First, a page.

Last updated: February 19. 2013 11:09PM - 220 Views

Story Tools:

Font Size:

Social Media:

Q: We recently installed new granite tile countertops and backsplash in our kitchen. We are noticing that if we place a wet object on the countertop, the granite is stained in that area.

Most of the time it fades in a few days, but lately, we are noticing the dark stains staying longer. Is there any way to remove these or to prevent them in the first place?

A: We have granite countertops and don't have this problem, so I can only tell you what other readers tell me.

Most water stains are only a temporary problem. The granite may darken or lighten in color when the water is absorbed into the stone. However, once the water evaporates, the color of the stone should return to normal.

You need to seal the surface regularly with a high-quality sealant, which prevents water absorption. I seal ours once a year.

If you have hard water making the stains, they can be removed with vinegar.

Q: Two years ago, we had a four-inch plastic corrugated drain pipe installed under the edges of the basement floor, about one foot from the bottom of the foundation, with rock surrounding it and weep holes in the bottom of the walls so groundwater that drained down through the wall would leak into the pipe area and drain to the sump.

Works pretty well so far, especially last year with Irene, and more recently with Sandy dumping lots of rain on our area.

However, about two months after the pipe was installed, we started seeing little black drain flies — not too many, but somewhat noticeable in the basement.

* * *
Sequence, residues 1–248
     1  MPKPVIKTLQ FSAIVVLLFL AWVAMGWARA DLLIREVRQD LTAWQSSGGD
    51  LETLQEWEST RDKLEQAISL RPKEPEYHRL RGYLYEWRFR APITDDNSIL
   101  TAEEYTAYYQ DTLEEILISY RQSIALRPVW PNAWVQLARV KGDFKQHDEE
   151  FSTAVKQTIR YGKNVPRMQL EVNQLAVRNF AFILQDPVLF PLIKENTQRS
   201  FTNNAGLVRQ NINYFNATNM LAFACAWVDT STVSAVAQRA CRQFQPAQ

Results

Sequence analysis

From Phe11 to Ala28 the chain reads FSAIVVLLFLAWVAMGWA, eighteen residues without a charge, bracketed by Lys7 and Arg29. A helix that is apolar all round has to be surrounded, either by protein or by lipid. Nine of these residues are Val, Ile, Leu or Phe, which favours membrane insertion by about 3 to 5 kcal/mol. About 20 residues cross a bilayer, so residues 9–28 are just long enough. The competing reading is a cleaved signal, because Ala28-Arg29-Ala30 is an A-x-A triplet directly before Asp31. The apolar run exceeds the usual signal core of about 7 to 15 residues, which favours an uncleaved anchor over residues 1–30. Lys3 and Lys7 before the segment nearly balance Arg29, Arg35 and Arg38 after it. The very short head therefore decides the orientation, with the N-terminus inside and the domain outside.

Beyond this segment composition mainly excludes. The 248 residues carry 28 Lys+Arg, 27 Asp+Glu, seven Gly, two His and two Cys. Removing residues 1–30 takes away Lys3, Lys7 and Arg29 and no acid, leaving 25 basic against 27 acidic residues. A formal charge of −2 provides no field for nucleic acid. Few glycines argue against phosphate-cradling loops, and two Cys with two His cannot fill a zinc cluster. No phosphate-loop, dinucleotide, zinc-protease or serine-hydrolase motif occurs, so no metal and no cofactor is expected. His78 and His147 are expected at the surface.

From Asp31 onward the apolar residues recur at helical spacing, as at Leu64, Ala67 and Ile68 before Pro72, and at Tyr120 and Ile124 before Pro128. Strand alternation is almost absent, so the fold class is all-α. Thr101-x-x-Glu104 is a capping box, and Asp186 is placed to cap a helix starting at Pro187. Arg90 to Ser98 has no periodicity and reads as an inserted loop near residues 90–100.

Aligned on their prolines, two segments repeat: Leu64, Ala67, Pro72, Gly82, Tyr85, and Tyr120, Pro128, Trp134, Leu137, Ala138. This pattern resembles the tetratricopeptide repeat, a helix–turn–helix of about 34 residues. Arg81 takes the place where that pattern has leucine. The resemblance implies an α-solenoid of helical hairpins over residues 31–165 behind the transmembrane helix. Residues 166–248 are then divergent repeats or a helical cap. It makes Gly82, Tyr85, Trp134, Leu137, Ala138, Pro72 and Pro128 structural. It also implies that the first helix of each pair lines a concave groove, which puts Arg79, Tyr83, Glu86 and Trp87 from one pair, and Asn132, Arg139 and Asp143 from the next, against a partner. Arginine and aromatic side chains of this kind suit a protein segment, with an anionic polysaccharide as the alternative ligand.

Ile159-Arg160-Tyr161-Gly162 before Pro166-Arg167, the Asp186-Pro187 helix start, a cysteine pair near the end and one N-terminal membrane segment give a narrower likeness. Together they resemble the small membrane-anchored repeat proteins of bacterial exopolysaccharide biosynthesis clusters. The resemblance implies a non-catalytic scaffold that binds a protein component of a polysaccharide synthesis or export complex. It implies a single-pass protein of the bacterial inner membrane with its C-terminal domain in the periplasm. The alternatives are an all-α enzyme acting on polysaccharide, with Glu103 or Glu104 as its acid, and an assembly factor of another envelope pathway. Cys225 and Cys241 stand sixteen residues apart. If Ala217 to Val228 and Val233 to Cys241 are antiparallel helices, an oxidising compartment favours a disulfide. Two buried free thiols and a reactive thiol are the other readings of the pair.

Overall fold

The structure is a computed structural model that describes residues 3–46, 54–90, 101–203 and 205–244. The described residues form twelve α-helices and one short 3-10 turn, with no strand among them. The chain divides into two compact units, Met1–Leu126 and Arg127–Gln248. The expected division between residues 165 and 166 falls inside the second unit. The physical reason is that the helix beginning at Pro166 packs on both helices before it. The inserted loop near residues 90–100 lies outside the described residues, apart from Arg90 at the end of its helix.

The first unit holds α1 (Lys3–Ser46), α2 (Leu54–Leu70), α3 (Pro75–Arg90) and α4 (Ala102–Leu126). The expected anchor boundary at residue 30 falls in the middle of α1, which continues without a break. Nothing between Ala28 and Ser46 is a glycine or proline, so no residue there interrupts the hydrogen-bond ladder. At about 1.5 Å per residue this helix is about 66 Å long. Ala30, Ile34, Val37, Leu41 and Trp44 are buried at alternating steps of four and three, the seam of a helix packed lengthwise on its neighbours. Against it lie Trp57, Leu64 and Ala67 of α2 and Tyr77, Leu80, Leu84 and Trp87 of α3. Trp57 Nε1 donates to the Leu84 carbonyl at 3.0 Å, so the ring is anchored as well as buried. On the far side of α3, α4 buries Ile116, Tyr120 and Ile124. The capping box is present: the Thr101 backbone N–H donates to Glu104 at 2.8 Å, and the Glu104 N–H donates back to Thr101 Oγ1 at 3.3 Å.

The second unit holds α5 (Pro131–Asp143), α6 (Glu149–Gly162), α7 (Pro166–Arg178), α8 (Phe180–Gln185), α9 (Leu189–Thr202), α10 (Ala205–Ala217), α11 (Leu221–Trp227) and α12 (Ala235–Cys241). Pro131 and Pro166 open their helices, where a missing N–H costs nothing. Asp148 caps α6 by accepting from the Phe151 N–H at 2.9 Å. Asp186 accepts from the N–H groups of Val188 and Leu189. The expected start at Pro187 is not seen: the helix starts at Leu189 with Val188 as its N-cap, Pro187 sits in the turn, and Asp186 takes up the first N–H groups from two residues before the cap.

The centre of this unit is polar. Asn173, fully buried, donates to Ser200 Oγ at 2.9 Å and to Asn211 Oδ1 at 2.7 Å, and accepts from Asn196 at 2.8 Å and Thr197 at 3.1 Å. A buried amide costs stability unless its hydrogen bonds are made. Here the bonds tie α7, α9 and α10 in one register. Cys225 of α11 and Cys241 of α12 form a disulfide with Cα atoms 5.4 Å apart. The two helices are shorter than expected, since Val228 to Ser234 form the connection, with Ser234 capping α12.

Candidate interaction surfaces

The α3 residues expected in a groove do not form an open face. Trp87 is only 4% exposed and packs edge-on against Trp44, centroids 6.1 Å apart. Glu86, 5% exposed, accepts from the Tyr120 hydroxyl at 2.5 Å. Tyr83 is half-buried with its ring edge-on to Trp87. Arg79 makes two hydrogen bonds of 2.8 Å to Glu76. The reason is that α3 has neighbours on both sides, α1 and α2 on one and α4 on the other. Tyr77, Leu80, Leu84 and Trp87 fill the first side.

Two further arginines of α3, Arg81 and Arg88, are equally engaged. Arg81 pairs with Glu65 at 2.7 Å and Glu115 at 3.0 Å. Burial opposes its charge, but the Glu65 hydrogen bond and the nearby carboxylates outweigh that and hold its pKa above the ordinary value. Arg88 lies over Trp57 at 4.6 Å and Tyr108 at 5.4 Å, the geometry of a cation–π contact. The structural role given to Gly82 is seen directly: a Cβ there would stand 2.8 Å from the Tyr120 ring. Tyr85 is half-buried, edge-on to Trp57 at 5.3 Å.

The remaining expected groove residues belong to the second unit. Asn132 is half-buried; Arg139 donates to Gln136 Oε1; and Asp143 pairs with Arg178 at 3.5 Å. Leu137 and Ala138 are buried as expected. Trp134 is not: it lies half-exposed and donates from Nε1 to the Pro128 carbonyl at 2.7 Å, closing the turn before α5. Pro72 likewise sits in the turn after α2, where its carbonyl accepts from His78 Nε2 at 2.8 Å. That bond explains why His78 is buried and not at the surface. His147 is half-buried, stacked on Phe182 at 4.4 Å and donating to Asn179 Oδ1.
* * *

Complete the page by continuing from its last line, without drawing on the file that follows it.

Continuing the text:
Didn't know where they were coming from, and it wasn't a significant problem.

The last two winters, they seemed to disappear. This summer they were worse than last, and they began coming upstairs.

They appear to be breeding in the little bit of water that stays in the bottom of the corrugated pipe when water isn't flowing much. I tried pouring a bleach-water mixture into the pipe at the cleanout, and into the sump, but that seems to have only minor effects.

The company that installed the pipe said that shouldn't happen, and came over and poured a gallon of something called Mediquat down the pipe.

It smelled good, and seemed to clean everything out for about three to four days. Then the smell returned and we saw the flies again.

Can we solve the problem permanently?

A: You have the same setup that I have in my basement. While I assume there must be some dampness in the perimeter drains all the time, I don't think uncontaminated water will cause flies to breed. What I've seen online is that the breeding typically occurs when there is bacteria present.

I run the dehumidifier into the sump from March to October, and, during wetter seasons, there is water in it as well. But we don't have flies.

There is something other than just water facilitating the breeding of the flies — a sewage leak perhaps, or backflow problems if your sump pumps water into the sewer system, which is illegal in many towns.

You need to find out what it is, have the source of the leak repaired and the area cleaned.

You also can buy a cover for your sump.

The perimeter drain installer is correct. This shouldn't happen.

All user comments are subject to our Terms of Service. Users may flag inappropriate comments.
comments powered by Disqus

Featured Businesses


Info Minute

Gas Prices

Wilkes-Barre Gas Prices provided by GasBuddy.com